This might be the last year I'm a student at Boston University, but it's the first year that I (A) had a legal sip of beer and (B) had my face broadcast on over 750 college campuses. So bring it on, Mayans! I'm ready for the apocalypse of 2012.
When I was first contacted by mtvU, I bolted out of my classroom at BU. The network was gearing up for an exciting new segment involving the 2012 presidential candidates and they wanted a college comedian to be the star. My first step: after my work study job the next day, I would run to the student union and call a producer named Annie. After unknowingly butt-dialing her at midnight the night before with my new 99-cent-upgrade iPhone, I gave her a ring:
"Hello?" Annie answered.
"Hi this is Annie!" I eagerly responded. "Is Cody there?"
To quote another 2012 presidential candidate, "Woops."
Luckily, my stand-up clips online impressed the folks at MTV's 24-hour college network enough to make up for my telephonic impairment -- and enough to let me star in a special episode of "mtvU's Hire Learning." So, I took off my Red Sox socks, put on my Yankees underwear, and hopped on a bus from the city that drunkenly passes out to the city that never sleeps.
Now I'm no stranger to college TV stations. On buTV10, our campus station, I've gone from playing a meth-dealing baby-daddy to a caricature of myself on Welcome Back, Brotter. But living rooms in 750 college communities across America? mtvU reaches about nine million students -- from the computer screen to the TV screen to the projector screen at BU Central all day long. Talking to our faculty advisor during office hours is one thing, but meeting with a team of execs in a Viacom conference room with floor-to-ceiling windows overlooking Times Square is another.
Fresh off my summer internship at The Daily Show -- where my boss gave this year's mtvU Convocation Address! -- I was ready to be the best (undergraduate) correspondent in the Big Apple. My challenge: take the entry-level resumes of President Obama and Governor Romney and see how they'd fare in the very job market that they for some reason seek to govern. But there was only one way to test how they'd fare fairly: pose as each of the candidates.
With unknowing participants and an MTV camera crew, I felt like Ashton Kutcher... but, obviously, much sexier.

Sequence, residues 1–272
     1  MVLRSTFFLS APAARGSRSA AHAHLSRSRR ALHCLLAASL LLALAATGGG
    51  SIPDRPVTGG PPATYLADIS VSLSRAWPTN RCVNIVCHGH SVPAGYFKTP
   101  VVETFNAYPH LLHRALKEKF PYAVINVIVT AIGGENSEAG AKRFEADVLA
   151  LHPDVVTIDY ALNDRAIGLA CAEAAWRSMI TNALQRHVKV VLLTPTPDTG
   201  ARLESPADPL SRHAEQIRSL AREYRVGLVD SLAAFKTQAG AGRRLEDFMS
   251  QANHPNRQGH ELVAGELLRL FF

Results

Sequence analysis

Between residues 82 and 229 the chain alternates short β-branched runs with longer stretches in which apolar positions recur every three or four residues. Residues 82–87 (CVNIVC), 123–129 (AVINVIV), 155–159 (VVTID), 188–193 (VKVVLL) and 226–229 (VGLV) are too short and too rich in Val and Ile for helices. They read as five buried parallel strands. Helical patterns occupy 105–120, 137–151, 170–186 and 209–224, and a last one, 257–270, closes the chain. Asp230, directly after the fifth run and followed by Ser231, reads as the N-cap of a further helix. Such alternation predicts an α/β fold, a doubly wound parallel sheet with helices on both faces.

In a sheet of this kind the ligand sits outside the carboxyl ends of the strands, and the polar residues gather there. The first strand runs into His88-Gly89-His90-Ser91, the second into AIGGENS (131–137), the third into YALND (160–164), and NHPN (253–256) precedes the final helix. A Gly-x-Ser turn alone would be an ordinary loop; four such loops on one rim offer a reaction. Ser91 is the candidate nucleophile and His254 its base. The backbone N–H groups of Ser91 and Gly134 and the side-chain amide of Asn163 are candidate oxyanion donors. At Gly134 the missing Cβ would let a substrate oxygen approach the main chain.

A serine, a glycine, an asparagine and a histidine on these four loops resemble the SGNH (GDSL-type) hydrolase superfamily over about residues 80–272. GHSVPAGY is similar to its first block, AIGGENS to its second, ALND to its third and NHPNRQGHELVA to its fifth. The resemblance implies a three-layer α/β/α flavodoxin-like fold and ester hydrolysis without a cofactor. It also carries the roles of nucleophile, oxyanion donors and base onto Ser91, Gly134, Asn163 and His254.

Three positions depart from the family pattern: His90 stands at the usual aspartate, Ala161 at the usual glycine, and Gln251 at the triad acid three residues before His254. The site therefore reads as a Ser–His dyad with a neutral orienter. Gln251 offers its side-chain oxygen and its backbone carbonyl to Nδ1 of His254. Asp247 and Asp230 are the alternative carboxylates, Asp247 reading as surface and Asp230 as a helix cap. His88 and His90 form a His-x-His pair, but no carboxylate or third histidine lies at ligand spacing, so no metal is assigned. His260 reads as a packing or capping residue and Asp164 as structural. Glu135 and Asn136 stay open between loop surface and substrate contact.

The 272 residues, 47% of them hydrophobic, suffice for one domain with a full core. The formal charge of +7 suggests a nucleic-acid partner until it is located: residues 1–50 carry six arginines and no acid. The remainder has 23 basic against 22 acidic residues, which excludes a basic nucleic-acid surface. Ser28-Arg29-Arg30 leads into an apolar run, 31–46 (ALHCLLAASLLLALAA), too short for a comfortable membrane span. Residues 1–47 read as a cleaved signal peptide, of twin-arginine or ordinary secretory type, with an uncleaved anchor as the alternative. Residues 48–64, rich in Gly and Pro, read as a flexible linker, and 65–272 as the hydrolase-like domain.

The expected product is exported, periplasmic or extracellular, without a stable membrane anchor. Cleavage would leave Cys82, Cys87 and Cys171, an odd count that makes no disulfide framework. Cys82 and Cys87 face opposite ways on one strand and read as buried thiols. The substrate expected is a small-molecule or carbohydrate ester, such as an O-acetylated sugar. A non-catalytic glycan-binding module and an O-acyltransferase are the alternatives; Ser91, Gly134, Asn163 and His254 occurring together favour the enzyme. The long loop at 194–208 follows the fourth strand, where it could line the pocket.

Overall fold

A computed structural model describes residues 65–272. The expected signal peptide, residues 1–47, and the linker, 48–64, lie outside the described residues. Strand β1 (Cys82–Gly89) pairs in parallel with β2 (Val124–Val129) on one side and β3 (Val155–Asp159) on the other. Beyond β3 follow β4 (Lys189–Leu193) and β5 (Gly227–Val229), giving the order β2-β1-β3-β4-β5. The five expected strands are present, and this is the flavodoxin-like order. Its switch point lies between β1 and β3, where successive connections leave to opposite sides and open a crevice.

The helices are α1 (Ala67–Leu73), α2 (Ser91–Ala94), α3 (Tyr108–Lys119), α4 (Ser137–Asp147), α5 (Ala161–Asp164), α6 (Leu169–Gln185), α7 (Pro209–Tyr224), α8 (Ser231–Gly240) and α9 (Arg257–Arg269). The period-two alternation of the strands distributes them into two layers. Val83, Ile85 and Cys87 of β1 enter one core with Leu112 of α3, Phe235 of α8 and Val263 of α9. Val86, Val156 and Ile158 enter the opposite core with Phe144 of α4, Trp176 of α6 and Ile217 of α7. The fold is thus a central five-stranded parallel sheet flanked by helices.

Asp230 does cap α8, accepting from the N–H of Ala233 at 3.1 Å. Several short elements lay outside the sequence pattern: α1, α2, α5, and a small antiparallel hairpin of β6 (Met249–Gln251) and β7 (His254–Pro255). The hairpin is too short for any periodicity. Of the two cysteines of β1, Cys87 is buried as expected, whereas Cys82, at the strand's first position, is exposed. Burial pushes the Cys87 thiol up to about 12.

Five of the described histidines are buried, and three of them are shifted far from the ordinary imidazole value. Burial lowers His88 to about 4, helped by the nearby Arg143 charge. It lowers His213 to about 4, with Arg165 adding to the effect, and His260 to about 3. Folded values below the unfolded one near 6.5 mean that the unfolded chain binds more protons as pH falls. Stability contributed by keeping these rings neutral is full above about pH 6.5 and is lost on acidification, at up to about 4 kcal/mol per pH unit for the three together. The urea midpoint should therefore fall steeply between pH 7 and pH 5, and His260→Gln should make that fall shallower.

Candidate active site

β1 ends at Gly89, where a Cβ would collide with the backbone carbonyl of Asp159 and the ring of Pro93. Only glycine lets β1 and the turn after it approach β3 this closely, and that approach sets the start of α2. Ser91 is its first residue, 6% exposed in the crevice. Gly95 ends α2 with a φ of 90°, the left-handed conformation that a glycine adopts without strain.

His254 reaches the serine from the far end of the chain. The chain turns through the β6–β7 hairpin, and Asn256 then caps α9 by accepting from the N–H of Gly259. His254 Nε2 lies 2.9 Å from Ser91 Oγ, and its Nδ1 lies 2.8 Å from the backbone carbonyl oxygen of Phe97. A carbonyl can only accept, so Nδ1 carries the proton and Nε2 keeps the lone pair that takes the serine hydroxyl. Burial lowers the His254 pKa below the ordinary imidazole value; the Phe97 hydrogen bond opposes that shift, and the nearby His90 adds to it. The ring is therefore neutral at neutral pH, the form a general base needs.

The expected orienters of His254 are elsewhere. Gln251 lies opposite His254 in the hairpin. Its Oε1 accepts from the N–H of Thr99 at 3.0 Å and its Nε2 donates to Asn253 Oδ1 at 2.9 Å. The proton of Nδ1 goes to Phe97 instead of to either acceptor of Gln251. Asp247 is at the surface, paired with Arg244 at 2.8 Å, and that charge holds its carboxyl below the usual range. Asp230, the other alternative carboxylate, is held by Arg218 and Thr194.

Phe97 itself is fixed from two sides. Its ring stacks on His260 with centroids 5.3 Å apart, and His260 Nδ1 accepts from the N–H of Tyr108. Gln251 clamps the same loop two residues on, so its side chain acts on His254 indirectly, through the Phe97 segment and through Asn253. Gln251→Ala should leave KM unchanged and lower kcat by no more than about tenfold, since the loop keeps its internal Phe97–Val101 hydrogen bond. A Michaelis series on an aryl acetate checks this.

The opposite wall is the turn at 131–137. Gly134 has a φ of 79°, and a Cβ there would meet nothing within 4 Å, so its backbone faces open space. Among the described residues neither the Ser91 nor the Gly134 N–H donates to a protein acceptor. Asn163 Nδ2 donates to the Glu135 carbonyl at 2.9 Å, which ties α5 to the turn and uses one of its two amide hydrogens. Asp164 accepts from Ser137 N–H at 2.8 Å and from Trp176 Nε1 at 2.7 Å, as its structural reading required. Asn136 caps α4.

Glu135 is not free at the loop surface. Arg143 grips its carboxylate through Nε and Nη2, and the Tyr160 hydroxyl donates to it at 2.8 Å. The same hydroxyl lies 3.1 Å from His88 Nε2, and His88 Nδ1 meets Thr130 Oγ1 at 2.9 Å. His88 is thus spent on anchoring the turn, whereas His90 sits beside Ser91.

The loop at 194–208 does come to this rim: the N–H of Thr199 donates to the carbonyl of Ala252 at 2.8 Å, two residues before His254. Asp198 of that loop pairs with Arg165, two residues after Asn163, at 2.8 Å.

Going under the fake names Robert Miller (Mitt Romney) and Oliver Brady (Barack Obama), I defended these "Pres-umes" as my own in attempts to land employment at the world-famous Gotham Bar and Grill as well as Grey Era Vintage, the chicest clothing store in the Village.
Bret Csencsitz, Gotham's General Manager, and Sierra Fromberg, Grey Era's owner, ended up being great sports about the whole thing. In fact, Sierra turned out to be a BU alum and once I finally admitted that I was just a normal college kid and that she was reviewing the resume of the Republican nominee for president, we spent the rest of the afternoon dishing about our favorite places to grab pizza on campus.
Without giving away any spoilers, not only were Bret and Sierra surprised to learn what and who they were looking at, but I was also surprised by their critiques. See, the unemployment rate for people between the ages of 18 and 29 is 12 percent! To put that in perspective, that's almost 50 percent higher than the national average. And yet, according to MTV research, 90 percent of my generation thinks they deserve their dream job.
In working on this incredibly timely television special in advance of the 2012 presidential debates, I certainly scored my dream job. And whether you're having a Tea Party or Occupying Wall Street or just voting for the first time like me, make sure to check out both candidates' resumes online. Just don't try passing them off as your own... unless you've got a camera crew to back you up.
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